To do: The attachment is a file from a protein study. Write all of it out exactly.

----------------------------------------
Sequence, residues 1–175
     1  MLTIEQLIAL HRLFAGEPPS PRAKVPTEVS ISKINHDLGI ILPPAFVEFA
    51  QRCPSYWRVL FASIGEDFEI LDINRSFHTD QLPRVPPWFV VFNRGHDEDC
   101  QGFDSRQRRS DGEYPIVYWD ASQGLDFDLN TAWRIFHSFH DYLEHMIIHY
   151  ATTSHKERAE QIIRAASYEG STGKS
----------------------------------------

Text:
Sequence, residues 1–175
     1  MLTIEQLIAL HRLFAGEPPS PRAKVPTEVS ISKINHDLGI ILPPAFVEFA
    51  QRCPSYWRVL FASIGEDFEI LDINRSFHTD QLPRVPPWFV VFNRGHDEDC
   101  QGFDSRQRRS DGEYPIVYWD ASQGLDFDLN TAWRIFHSFH DYLEHMIIHY
   151  ATTSHKERAE QIIRAASYEG STGKS